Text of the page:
Yeshivat Maharat, where I proudly learned for four years to receive my semikha, my rabbinic ordination, began in 2009. In its 12 years, it has ordained 43 women. While many of my colleagues came to Maharat straight from college or graduate school, a number of us, especially those in the “Advanced Kollel: Executive Ordination Track,” are older than 35, as are many of the women in the “Core Semikha” program. While I might have decided to attend Maharat after graduating college, that opportunity at the time simply did not exist. Women, in general, because of the realities of life and life choices and greater life expectancy, rarely stay at one job forever. So many women, and men now too, have more than one act. A religious vocation has been one area where both men and women of all faiths have found a place to have that second act. This calling came for many later in life because their experience and wisdom could truly be valued and valuable.
But for all the reasons that made my older colleagues and me good students, we saw quite sharply that, in hiring, those qualities were not only undervalued, but, on some level, even disdained. This has become more clear as I am still seeking meaningful employment. Some of the jobs I have applied to have an implied, if not blatant, age bias attached to them. The biggest offenders are those entities that serve young people, especially those of college and post-college age. There is a completely wrong-headed idea that older people — especially older women — could not and would not be effective in attracting young people to programming. That the “cool factor” is just not there and there is no way an older person could relate. That of course is a ridiculous notion, as life experience and wisdom may be the very things a young person is seeking, especially at those sometimes precarious times of life. Such organizations, schools, and agencies seem to only worry about attractiveness to get young people in the door — even if that flies in the face of the values they supposedly support.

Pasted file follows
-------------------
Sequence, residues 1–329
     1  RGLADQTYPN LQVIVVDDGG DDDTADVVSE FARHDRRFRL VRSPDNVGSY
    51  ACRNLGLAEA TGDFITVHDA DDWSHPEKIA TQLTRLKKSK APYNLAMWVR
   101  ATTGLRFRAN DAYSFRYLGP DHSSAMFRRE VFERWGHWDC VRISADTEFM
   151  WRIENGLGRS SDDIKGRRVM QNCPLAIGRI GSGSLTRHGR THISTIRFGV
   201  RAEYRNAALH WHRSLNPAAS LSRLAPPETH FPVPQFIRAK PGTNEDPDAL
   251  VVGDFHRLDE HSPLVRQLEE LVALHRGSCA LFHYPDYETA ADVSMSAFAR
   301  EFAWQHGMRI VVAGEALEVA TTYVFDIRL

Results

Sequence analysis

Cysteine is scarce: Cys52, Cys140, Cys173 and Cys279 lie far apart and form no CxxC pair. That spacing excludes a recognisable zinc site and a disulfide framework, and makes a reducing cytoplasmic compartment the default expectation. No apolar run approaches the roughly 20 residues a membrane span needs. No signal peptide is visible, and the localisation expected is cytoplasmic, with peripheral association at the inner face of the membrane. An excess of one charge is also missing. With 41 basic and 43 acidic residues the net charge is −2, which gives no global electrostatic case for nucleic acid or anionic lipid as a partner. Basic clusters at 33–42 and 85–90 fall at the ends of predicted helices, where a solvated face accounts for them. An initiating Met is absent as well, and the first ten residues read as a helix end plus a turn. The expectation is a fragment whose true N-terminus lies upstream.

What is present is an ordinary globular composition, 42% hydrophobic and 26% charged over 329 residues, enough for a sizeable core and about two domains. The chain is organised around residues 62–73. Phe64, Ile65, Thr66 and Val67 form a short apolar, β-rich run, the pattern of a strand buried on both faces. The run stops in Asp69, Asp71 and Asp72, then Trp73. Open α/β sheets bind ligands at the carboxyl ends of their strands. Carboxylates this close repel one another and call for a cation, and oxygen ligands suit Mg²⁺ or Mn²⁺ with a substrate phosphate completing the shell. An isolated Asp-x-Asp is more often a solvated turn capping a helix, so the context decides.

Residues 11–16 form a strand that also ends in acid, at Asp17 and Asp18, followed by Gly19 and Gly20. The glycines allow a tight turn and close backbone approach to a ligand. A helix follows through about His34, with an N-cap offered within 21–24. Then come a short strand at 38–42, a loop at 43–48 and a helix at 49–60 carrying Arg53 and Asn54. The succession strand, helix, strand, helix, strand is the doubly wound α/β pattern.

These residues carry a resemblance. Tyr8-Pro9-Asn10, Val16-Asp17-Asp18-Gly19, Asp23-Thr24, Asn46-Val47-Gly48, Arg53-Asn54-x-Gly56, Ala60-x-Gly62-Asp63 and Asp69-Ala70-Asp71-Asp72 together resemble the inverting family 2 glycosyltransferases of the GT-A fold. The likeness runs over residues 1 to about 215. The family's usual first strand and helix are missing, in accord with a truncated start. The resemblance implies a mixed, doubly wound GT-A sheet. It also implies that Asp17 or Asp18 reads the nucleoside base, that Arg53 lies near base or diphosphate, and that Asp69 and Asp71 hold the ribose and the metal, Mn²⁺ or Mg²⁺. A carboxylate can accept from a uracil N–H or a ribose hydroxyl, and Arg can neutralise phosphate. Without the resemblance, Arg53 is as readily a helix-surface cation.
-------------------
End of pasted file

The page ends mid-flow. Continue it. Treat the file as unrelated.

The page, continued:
Indeed, in times of crisis, as has been my experience and others, it can be crucial to have access to someone who has been around the block that can be balanced, not just someone whose skill set revolves around manufacturing and marketing cute, trendy, camera-ready moments for Instagram and Tik Tok. In synagogues and other institutions that are multigenerational, the experience is crucial to not only bring groups in and keep them there, but also to have them interact with one another.